It fell to René Viviani, Poincare’s first choice for premier a few weeks before, to form a new government through some political sleight-of-hand, otherwise known as lying. On June 13, 1914 Viviani formed a new cabinet dominated by moderate leftists who told their constituents they were committed to overturning the Three-Year Service Law – but then reversed their position as soon as the Chamber voted to approve the cabinet. Indignant, the Socialists withdrew their support, but the Radicals were able to muster enough votes to keep the government in power. The Three-Year Service Law was safe … for now. 

“Russia is Ready, France Must Be Ready Too!”

Upholding the Three-Year Service Law was crucial to preserving France’s alliance with Russia, the cornerstone of French national security. Just in case anyone forgot was at stake, on June 13, 1914 the Russian war minister, Vladimir Sukhomlinov, published an anonymous op-ed in Birzheye Vedomosti, a Russian newspaper that often served as an official mouthpiece, titled “Russia is Ready, France Must Be Ready Too!” 

The article pointed out that Russia was building strategic railroads and preparing to increase its standing army to 2.3 million men and urged France to maintain the Three-Year Service Law, raising the French standing army to 770,000 men. Only then could would they have a decisive advantage against Germany and and Austria-Hungary, with standing armies of 880,000 and 500,000, respectively.

Sukhomlinov’s opinion piece sent a clear message to friend and foe alike, including Germany, where its inflammatory rhetoric only stoked paranoia about encirclement. When Kaiser Wilhelm received a translated version he scribbled angry notes in the margins, noting that Russia’s strategic railroads were “All against Germany!” and concluding “Well! Finally the Russians have shown their hand. Any person in Germany who does not now believe that the Russo-Gauls are not working together at high tension for a war with us very soon and that we should take corresponding counter-measures deserves to be sent to the lunatic asylum…” 

A few days alter Chancellor Bethmann-Hollweg passed the article along to the German ambassador to London, Prince Lichnowsky, with this gloomy note: “The reaction on German public opinion has been unmistakable and serious. Whereas formerly, it was only the extremists among the Pan-Germans and militarists who urged that Russia was making systematic preparation for a war of aggression upon us very soon, even moderate public men are now inclined to this view…”

See the previous installment or all entries.

11 Illuminating Facts About Netflix’s GLOW

Erica Parise, Netflix
Erica Parise, Netflix

GLOW is a brilliant show, and the way we know it’s brilliant is that it highlights a perfect tension between comedy and drama amid dozens of different personalities all trying to seriously find themselves in an activity no one takes seriously. Also, it had a drug-dispensing, '80s-style talking robot without devolving into pure silliness.

With Alison Brie and Betty Gilpin leading the ensemble, the show about an amateur women’s wrestling squad vying for a large enough paycheck to make all the training and ointment worth it is an absolute gem (as its six Emmy nominations prove). Here are 11 facts about Netflix’s comedic cage match.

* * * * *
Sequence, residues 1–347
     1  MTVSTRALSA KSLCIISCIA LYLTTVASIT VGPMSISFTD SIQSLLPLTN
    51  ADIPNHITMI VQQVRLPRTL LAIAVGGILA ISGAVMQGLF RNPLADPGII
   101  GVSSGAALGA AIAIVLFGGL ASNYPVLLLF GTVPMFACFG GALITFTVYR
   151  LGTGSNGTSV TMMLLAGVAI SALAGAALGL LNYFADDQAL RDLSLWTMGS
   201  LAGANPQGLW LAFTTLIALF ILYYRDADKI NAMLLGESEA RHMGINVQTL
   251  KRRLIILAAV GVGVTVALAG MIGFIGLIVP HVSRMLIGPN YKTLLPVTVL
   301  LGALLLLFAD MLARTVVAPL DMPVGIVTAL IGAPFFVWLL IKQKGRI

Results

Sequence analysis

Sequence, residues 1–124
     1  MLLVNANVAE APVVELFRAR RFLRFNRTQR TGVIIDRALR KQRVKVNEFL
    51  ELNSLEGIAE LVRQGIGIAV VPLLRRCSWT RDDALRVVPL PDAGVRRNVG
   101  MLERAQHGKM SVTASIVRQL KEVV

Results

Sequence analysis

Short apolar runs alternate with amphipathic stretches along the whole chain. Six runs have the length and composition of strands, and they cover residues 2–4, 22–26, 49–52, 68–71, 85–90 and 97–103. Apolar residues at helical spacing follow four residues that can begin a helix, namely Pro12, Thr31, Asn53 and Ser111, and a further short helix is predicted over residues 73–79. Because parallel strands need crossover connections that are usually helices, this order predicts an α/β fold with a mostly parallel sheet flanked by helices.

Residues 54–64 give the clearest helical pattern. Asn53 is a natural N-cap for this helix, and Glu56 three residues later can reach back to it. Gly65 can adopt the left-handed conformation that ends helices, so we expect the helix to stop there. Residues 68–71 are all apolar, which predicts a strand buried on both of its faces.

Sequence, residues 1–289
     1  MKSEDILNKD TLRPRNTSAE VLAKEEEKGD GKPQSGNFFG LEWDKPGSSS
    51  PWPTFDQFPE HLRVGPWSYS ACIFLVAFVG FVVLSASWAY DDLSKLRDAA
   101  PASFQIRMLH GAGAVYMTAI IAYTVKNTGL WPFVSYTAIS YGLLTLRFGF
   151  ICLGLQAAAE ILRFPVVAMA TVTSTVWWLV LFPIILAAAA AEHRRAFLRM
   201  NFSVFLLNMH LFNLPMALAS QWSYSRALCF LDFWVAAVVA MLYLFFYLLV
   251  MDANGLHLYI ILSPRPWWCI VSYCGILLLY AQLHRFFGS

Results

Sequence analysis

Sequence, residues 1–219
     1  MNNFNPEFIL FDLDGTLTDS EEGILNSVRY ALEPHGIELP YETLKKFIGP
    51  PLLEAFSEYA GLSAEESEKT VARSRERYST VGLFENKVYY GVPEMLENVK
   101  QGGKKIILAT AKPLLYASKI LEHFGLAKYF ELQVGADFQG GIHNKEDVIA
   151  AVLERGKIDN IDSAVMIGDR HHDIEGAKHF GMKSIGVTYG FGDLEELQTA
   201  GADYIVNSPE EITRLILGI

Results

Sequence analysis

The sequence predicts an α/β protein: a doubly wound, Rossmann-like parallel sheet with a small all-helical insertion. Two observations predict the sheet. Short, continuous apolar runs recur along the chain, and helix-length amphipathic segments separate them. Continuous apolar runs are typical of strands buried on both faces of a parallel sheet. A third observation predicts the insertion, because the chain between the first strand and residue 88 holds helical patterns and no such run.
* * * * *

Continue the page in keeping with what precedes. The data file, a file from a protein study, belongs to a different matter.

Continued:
1. PRODUCERS DIDN’T WANT ALISON BRIE IN THE CAST.

Alison Brie in 'GLOW'
Erica Parise, Netflix

Like her character, Ruth, Alison Brie got rejected a lot before getting the role, enduring a grueling casting process for producers and a casting director who wanted an unknown for the part. “I cried in my car after every audition,” she said. “I would sit in my care like Ruth and sob. And we were both listening to the same Ultimate ‘80s mix while [we] audition[ed], so Flock of Seagulls was playing.”

2. THE CAST’S TRAINER IS THE NEPHEW OF THE GUY WHO TRAINED THE REAL-LIFE GORGEOUS LADIES OF WRESTLING.

Professional wrestler Armando “Mando” Guerrero took on the task of teaching the motley crew of women who made up the real-life Gorgeous Ladies of Wrestling back in 1985. He was reportedly an intense coach, putting at least one woman in a headlock until she cried on the first day of training. All these years later, it’s his nephew, Chavo Guerrero Jr., who has the privilege of training the fictional wrestlers of GLOW, as well as choreographing their fights and acting in two episodes.

3. KIA STEVENS IS A WRESTLER IN REAL LIFE.

Kia Stevens and Betty Gilpin in 'GLOW'
Beth Dubber, Netflix

The cast is full of actresses who all work with trainers to catch up on all the chiropractor-defying moves they have to do, but Kia Stevens (who plays Tammé “The Welfare Queen” Dawson) has been making those moves for decades. Wrestling under the name Awesome Kong and Amazing Kong, she’s a five-time Women’s Champion. Stevens has also wrestled in the WWE as Kharma.

4. BRIE SEES RUTH AS “SEXLESS."

One of the catalysts of the show’s plot is Ruth having an affair with her best friend Debbie’s (Betty Gilpin) husband (Rich Sommer), but the rest of the show is hardly romantic for Ruth, which is probably why Brie views the character as “sexless.”

“I don’t think she thinks of herself as being very sexual,” Brie told The A.V. Club. “It’s a major difference between my character and Betty Gilpin’s character, who has been a successful actress and has a bombshell body, and every time you see her she’s in full hair and makeup ... I don’t think that Ruth is not having sex with guys every once in a while. I’m sure she does. I just don’t think it’s a main part of her life goals.” Even the adultery that kicks off the show is less about sex than it is about someone who feels invisible and rejected being seen and accepted by someone else.

5. WORKING WITH WOMEN BOSSES MADE BETTY GILPIN REFLECT ON HER ENTIRE CAREER.

Rich Sommer and Betty Gilpin in 'GLOW'
Erica Parise, Netflix

GLOW is rare for having so many women in the cast and behind the camera, something that the actors have noted affected the shooting environment as a “protected, feminist bubble.” For Gilpin, it also raised some questions about herself.